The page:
Pleading Insanity over Obamacare

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Recently a Texas jury found Eddie Ray Routh guilty of murdering Chris Kyle, the US Navy SEAL featured in the movie “American Sniper.” The jury did not accept Routh’s plea of not guilty by reason of insanity.

Apparently, criminal defendants aren’t the only ones pleading insanity these days. Opponents of the Affordable Care Act, who certainly purported to be of sound mind when the Act was debated and passed, have now decided that neither they nor anyone else had a handle on the reality of the legislation. What they and everyone else at the time understood the bill to say was that anyone who signed up for insurance could apply for a federal subsidy, whether they did so through an exchange set up by the state or an exchange set up for the state by the federal government. I followed discussions of the law pretty closely, and I never heard anyone suggest that the millions of Americans who would enroll–and did enroll–through the federal website would be ineligible for subsidies.

Having failed to stop the law from being passed or to get it repealed, opponents have now focused on several places where the legislation refers to the subsidies being obtained through “exchanges established by the state.” That means, they say, that only people who enrolled in the sixteen states where the states created their own exchanges can obtain subsidized insurance.

No one paid much attention to that wording at the time because everyone agreed that the whole point of the law was to make insurance more affordable for people in all states. That’s exactly why the federal government would create an exchange for states that didn’t create their own. Without that, the law makes no sense. It mandates insurance for most Americans, while helping only those in certain states to afford it. It makes insurance companies in every state provide higher levels of coverage (such as coverage for preexisting conditions), but deprives the insurance industry in many states of the expanded customer base that it would need to finance the improvements.

These would have been powerful arguments against the law, if the opponents had only thought to use them. The reason they didn’t is that they understood the law the same way everyone else did at the time, as a rational–although controversial–plan to make health care affordable for all. Now they rest their case on the novel argument that the law was actually crazy, with an unworkable mix of national mandates and state-limited subsidies. But doesn’t that imply that even those who were against it must have been a little crazy for taking it seriously in the first place?

In King v. Burwell, the case argued yesterday before the Supreme Court, the plaintiffs are asking the justices to declare the Affordable Care Act self-contradictory and self-negating. They would focus on the troublesome wording instead of the entire bill, ignoring the longstanding legal principle that the law must be judged by its overall intent. If the justices can radically change what the law is about, perhaps they should also retitle it the “Unaffordable Care Act,” since they will be taking subsidies away from most of the people who qualified for them. (Another good title might be the “We-Should-Have-Read-This Act.”)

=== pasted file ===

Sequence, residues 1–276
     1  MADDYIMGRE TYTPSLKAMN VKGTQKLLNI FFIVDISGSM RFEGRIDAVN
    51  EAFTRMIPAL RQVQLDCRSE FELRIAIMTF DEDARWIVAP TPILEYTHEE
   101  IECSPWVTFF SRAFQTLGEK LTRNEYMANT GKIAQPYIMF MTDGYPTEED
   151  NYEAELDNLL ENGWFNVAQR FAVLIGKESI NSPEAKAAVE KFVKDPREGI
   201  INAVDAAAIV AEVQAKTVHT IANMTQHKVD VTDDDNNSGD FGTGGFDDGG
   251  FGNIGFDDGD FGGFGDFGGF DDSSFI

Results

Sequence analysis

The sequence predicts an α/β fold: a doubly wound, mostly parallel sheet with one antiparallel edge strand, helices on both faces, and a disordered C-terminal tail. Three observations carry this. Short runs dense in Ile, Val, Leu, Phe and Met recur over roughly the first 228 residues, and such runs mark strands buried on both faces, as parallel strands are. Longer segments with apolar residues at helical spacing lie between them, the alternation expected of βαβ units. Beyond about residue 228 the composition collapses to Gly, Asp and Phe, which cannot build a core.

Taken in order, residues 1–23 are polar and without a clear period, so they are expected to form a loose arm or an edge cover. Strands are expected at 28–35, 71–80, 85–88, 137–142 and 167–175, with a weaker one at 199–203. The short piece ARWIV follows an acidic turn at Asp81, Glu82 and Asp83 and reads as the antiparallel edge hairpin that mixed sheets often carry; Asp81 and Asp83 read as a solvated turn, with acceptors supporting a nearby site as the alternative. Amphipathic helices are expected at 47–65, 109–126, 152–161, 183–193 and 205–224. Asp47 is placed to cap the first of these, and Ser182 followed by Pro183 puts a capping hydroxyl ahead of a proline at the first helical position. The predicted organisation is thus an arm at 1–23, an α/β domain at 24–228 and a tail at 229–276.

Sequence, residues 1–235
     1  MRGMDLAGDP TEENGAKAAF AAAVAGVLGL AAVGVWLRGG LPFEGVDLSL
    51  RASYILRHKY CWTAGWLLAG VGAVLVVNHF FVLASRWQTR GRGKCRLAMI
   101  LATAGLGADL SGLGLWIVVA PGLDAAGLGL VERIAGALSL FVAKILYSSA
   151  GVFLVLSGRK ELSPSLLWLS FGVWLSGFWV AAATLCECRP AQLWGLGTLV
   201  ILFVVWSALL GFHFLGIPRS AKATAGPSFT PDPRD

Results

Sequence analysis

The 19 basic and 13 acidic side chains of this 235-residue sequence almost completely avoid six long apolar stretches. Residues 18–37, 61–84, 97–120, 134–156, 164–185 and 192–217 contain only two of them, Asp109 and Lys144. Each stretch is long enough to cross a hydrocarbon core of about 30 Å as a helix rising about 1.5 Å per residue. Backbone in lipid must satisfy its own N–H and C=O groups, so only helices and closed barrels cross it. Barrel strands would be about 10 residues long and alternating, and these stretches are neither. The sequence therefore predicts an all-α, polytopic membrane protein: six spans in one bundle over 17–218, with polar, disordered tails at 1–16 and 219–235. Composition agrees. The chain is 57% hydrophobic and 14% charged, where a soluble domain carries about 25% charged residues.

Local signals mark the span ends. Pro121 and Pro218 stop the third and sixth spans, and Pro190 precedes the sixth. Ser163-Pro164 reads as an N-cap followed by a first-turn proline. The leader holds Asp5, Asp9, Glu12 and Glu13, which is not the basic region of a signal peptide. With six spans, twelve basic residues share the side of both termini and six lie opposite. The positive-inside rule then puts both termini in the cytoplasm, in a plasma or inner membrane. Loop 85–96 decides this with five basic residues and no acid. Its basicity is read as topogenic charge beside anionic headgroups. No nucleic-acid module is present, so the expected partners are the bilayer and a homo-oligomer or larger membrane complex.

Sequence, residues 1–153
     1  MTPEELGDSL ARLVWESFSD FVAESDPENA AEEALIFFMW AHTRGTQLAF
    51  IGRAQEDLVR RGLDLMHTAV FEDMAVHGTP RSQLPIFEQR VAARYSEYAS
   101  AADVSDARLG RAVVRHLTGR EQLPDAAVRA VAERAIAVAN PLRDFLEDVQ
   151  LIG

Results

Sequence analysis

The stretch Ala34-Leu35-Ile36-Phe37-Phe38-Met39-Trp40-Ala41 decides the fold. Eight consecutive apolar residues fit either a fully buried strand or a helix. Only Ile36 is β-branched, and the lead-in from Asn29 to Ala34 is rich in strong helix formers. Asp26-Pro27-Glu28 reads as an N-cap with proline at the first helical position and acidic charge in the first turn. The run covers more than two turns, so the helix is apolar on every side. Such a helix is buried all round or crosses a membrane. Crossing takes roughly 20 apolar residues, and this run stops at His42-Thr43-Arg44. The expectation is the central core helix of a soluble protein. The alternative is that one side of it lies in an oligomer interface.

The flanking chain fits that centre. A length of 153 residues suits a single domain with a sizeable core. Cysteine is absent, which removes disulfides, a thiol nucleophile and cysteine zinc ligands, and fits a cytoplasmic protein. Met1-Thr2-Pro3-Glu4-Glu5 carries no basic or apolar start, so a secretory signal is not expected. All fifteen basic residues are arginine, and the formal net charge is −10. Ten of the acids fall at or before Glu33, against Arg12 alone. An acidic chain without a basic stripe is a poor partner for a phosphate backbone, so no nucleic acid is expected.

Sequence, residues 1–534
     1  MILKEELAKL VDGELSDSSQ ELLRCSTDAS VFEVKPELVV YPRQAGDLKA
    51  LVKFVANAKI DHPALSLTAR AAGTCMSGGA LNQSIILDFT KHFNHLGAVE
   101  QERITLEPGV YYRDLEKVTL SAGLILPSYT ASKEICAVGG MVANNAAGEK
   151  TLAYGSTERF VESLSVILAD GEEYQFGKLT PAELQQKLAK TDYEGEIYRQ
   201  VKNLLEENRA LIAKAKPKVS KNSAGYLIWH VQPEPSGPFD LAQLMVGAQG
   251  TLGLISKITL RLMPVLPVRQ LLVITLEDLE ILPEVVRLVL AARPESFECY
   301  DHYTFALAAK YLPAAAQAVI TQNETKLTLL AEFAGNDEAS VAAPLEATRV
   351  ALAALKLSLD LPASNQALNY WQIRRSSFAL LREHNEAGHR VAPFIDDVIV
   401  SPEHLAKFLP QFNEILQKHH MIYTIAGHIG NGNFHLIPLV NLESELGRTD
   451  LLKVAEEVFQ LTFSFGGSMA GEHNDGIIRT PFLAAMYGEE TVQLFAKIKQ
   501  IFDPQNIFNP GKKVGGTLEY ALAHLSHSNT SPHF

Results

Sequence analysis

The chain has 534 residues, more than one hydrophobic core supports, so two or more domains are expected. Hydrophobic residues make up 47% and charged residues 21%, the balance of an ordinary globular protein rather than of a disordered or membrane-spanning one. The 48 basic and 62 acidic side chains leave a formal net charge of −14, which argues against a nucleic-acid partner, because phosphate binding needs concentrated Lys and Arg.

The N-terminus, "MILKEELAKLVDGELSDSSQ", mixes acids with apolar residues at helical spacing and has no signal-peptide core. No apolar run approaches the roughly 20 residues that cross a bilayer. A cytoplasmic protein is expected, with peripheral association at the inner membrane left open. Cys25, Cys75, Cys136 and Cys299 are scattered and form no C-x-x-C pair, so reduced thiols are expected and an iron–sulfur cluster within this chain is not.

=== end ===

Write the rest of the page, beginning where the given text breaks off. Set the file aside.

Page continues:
What will happen if this rather outlandish argument actually prevails in the Court? Congress could just correct the misleading language, but Republicans will refuse to do so. They will hold out either for repeal or for changes unacceptable to the President, such as removing the mandate that people obtain insurance. (Without the mandate, it probably doesn’t pay for the insurance companies to participate in this market and accept the higher standards of coverage.) Some states might now set up an exchange to keep their citizens eligible for subsidies. But others will no doubt hold out, leaving millions without coverage.

If the Court had found the Affordable Care Act unconstitutional in National Federation of Independent Business et al v. Sebelius, on the grounds that the federal government lacked authority to subsidize private health insurance, then people would have to live with that. But now the Court is being asked to do something very different and more bizarre: decide that a law that was already ruled constitutional doesn’t actually authorize the constitutionally permissible action it was created to accomplish, at least not in most states. It’s funny that the brilliant justices now arguing for that interpretation didn’t notice that when they reviewed the law the first time.

Oh well, if they need a defense, there’s always the insanity plea.

Postscript: On June 25, 2015, sanity prevailed, as the Supreme Court ruled 6-3 that enrollees in all states are eligible for subsidies under the Affordable Care Act.

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